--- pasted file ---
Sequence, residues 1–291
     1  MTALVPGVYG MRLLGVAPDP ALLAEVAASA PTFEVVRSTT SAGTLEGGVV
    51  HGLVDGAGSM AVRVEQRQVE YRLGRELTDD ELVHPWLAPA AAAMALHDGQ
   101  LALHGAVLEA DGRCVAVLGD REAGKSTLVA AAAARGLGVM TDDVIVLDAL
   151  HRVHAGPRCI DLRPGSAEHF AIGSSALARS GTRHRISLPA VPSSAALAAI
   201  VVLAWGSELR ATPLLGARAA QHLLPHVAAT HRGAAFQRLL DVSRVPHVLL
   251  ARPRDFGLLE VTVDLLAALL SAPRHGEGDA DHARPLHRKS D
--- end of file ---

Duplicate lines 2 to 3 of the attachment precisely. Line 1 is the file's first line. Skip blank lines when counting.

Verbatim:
     1  MTALVPGVYG MRLLGVAPDP ALLAEVAASA PTFEVVRSTT SAGTLEGGVV
    51  HGLVDGAGSM AVRVEQRQVE YRLGRELTDD ELVHPWLAPA AAAMALHDGQ